As mentioned in previous posts, the United States Mint plans to issue an individual 2013 American Gold Buffalo Coin with a reverse proof finish to celebrate the 100th anniversary of James Earle Fraser’s design.
Reverse proof coins carry a finish that is the opposite of the traditional cameo proof, generally with raised design elements appearing mirrored against frosted background fields. The finish has been used by the US Mint on a number of occasions across several different series. Reverse proof Silver Eagles have been included within special sets issued in 2006, 2011, 2012, and 2013. A reverse proof Gold Eagle was issued in 2006, and a reverse proof Platinum Eagle was issued in 2007, both as included within special multi-coin anniversary sets.
In this post, I wanted to share some images of the upcoming coin. Click on any image for a larger version.
Starting with 2013-dated coins, the US Mint altered their photography style for proof (and reverse proof) coinage. Since the mid-1980’s they had used a full or partial black background to distinguish mirrored features of a coin. With the improvements in photographic techniques and equipment, they decided to stop using the heavy black shadowing on proof coins. According to the Mint, “Digital photography capabilities have improved to the extent that we can now distinguish between the mirror-like background of a proof coin and the finish of an uncirculated coin without manipulating the image with a shadow.”
The US Mint recently displayed an actual example of the 2013 Reverse Proof Gold Buffalo coin at the ANA National Money Show held in New Orleans from May 9-11, 2013. Scott Barman, the author of Coin Collectors Blog, captured the following images which are represented here with permission.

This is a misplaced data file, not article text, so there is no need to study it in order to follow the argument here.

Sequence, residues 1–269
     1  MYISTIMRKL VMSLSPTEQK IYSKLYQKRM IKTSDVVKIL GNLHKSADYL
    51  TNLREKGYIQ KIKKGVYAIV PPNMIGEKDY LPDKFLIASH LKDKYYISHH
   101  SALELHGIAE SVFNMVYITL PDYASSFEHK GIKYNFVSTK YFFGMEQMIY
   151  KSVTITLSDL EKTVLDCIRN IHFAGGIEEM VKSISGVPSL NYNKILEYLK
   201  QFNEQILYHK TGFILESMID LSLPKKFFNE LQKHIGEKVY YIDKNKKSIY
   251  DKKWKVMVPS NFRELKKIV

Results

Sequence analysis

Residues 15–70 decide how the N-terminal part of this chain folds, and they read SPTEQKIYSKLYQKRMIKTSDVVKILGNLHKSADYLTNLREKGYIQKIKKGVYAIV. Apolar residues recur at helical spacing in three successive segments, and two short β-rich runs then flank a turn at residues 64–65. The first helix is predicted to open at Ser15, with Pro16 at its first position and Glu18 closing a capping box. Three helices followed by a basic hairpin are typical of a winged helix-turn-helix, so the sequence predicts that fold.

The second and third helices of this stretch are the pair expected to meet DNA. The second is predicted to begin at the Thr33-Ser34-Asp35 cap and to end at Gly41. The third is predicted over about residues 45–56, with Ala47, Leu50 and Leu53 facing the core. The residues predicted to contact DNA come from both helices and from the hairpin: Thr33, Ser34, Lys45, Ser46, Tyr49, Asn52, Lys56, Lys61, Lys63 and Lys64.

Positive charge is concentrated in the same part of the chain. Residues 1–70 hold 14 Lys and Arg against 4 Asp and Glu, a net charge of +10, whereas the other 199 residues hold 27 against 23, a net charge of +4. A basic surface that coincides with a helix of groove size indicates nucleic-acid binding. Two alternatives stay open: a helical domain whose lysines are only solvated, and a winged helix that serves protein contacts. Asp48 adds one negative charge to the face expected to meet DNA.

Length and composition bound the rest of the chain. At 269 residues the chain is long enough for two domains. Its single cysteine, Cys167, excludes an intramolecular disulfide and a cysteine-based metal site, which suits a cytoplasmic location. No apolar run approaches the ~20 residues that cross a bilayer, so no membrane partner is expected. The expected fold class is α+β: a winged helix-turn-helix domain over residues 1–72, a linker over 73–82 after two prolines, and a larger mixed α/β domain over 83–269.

These images more clearly showcase the different finishes and provide a much better idea of how the coin would actually look in hand.
The US Mint has not yet indicated the release date for the 2013-W Reverse Proof Gold Buffalo coin. They have confirmed that it will be offered individually and the packaging will consist of the same wooden box as the standard proof coin, but the outer box will be differentiated with a leather-like material.
Within a press release and other communications, the Mint has indicated that pricing for the offering will be determined under the pricing grid for gold and platinum coins available at this link. It is still unconfirmed whether the price of the reverse proof will be taken from the same “American Buffalo 24K Gold Proof” column that is used for the regular proof, or whether a new column will be added with different pricing. If the prices of the two products are identical, demand is sure to be high for this special reverse proof anniversary coin, likely cannibalizing some of the demand from the regular proof issue.